It is possible for your old and tarnished silver jewelry to shine like new again. Don’t waste money on expensive silver restoration and shining services. Follow some of these surprisingly easy methods to clean your silver.
What Is Oxidation?
When sterling silver is exposed to air, it will oxidize, or tarnish. Silver is comprised of 92.5% pure silver and 7.5% other metals, and the other metals make sterling silver tarnish. Some of these other metals are usually copper and when it reacts to moisture and sulfur in the air, it causes a process called oxidation. Substances like perfume, hairspray, deodorant, body lotion, and bleach can hasten the rate of oxidation. Some signs of oxidation include discoloration and disappearance of the original shine.
Ways To Clean Oxidized Silver
Lemon Juice And Salt
Treat your old silver to a nice bath with this lemon juice and salt soak. Just mix one tablespoon of lemon juice and one and a half cups water, and half a cup of instant dry milk. Let the silver soak overnight and rinse off any remaining mixture with water.
Lemon Juice And Baking Soda
If your silver has experienced some oxidation, then clean it off with a solution of lemon juice and baking soda. Make a paste by combining four parts lemon juice and one part baking soda. Dip a lint-free cloth in the solution and run it on the silver or jewelry. Afterward, rinse it with water and dry.
Detergent can’t just be used to make your clothes clean but your silver as well. For this solution, line a medium-sized bowl with aluminum foil and fill with hot water. Next, mix one tablespoon of powder laundry detergent and soak your silver for about a minute. Rinse with water and pat dry with a clean cloth.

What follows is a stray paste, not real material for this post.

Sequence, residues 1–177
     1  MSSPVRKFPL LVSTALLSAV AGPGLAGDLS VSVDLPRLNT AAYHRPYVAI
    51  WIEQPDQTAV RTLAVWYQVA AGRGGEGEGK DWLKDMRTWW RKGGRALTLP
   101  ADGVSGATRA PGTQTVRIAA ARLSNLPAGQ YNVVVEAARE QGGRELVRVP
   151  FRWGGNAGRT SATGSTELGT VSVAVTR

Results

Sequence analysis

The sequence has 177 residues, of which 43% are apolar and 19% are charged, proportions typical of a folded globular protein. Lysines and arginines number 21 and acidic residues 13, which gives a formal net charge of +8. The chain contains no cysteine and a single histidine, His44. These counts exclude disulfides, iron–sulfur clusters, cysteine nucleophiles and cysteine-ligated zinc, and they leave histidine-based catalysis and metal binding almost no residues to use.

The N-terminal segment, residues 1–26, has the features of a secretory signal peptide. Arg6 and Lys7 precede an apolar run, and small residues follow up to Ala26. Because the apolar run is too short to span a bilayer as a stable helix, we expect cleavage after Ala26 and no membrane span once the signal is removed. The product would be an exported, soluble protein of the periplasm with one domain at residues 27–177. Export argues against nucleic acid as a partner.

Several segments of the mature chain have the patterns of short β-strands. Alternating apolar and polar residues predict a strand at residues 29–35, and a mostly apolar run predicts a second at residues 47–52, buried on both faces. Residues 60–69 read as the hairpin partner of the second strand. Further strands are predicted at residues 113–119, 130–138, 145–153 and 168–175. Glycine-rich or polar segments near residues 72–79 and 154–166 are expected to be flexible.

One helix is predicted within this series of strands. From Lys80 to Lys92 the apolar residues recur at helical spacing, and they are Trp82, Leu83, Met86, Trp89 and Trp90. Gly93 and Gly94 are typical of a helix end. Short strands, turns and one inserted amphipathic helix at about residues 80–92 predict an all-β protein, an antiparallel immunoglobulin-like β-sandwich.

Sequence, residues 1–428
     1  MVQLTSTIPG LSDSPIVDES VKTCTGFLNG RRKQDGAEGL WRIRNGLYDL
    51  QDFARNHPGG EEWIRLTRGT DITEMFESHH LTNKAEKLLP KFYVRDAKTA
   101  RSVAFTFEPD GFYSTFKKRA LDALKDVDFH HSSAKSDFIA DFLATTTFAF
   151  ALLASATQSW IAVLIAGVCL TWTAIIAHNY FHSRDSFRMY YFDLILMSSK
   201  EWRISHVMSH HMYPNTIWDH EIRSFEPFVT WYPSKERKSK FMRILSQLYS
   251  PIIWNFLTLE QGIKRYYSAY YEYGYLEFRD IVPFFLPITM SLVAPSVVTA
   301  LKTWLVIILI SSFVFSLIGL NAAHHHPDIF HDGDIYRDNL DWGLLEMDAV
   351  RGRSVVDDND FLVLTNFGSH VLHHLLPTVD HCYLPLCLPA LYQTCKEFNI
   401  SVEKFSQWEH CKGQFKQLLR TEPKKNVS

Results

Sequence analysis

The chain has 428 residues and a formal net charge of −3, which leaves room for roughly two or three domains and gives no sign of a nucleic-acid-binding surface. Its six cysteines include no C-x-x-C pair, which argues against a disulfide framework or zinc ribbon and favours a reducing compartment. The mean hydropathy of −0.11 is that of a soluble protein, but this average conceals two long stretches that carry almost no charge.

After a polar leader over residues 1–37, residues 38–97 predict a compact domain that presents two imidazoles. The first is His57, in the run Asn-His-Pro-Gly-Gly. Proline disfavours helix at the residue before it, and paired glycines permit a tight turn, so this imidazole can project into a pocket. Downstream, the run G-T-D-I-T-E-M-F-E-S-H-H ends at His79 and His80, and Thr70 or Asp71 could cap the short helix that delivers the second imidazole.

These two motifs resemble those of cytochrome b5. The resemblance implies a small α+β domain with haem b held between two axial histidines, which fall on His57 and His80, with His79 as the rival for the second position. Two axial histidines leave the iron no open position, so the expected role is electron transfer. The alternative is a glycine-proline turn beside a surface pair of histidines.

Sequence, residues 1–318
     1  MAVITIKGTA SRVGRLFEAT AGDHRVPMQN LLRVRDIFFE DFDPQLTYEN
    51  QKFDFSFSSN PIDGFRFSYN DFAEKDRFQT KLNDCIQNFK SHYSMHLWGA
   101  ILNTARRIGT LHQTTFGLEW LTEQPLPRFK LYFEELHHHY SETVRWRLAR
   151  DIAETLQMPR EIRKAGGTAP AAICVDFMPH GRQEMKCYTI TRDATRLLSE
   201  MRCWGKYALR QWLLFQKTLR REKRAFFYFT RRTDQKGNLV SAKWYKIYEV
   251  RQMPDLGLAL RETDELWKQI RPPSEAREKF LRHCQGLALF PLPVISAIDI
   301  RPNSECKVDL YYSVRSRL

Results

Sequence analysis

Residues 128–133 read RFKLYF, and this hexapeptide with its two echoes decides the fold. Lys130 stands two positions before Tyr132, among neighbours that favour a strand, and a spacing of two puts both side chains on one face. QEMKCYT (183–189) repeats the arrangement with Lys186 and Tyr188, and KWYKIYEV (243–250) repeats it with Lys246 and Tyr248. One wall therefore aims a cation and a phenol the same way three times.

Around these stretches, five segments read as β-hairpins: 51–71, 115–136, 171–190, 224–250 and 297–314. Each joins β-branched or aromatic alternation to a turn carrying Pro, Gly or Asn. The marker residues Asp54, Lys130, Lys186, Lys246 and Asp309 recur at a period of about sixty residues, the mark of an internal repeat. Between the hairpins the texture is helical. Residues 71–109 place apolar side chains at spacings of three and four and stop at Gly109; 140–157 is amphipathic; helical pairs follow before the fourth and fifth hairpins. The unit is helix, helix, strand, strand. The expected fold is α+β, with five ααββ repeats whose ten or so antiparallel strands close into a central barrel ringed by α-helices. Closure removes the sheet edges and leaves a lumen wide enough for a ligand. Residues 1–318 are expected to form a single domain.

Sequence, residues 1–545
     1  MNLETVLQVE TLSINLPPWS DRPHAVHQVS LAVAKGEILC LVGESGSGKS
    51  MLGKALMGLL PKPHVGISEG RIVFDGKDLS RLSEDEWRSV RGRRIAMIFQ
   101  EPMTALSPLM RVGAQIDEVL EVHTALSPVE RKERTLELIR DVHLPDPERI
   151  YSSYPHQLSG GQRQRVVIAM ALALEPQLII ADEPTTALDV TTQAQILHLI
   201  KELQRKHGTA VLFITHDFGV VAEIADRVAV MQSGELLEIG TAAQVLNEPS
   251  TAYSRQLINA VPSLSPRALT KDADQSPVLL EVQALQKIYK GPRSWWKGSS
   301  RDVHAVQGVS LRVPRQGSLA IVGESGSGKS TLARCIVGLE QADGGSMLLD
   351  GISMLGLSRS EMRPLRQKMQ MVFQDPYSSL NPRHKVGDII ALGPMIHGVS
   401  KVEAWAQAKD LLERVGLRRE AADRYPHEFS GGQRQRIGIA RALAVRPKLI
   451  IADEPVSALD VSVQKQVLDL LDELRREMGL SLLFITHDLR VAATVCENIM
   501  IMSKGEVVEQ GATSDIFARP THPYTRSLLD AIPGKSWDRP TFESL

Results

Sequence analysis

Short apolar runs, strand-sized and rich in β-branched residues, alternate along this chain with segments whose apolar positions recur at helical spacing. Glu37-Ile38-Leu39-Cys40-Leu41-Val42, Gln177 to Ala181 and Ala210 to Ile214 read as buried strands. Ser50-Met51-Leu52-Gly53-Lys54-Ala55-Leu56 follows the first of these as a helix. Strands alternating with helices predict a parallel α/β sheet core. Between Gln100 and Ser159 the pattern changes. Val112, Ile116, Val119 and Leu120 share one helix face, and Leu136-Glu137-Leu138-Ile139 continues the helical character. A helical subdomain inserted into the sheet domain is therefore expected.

Bring back the shine with some lemon-lime soda. Just fill a bowl with soda and let your silver or jewelry soak for about an hour. Then, rinse with water and dry.
Conditioner protects silver in the same way it does your hair. Prevent tarnish by rubbing conditioner on clean silver, and rinsing with warm water. Pat dry with a cloth.
Another way to renew dull silver is with ammonia. Ammonia is a very strong chemical, therefore, exercise caution when handling. To use it to clean silver pour 1/2 cup of ammonia and warm water in a glass bowl. Place the silver in the solution and let it soak for 10 minutes. Rinse off the solution and dry thoroughly.
Vinegar is a powerful cleaning agent for many things including silver. Restore your lackluster silver by soaking it in 1/2 cups of white vinegar and 2 tablespoons of baking soda. Let it soak for about two to three hours and rinse with cold water.
Make your jewelry pristine with window cleaner. All you have to do is spray window cleaner on a cloth or toothbrush and gently scrub your silver. Doing this should bring back its shine and make it look new again.
Not only can you use it to clean your hands, but it can serve as a silver polish. All you have to do it squirt a few drops on a cloth and rub away the rust and tarnish.
Toothpaste is a classic cleaning method for almost everything. To use it to clean your lusterless silver, squeeze a small amount on a rag or toothbrush (of course) and lightly rub it on your silver. Next, rinse with warm water and pat dry. This method will leave you with sparkling silver!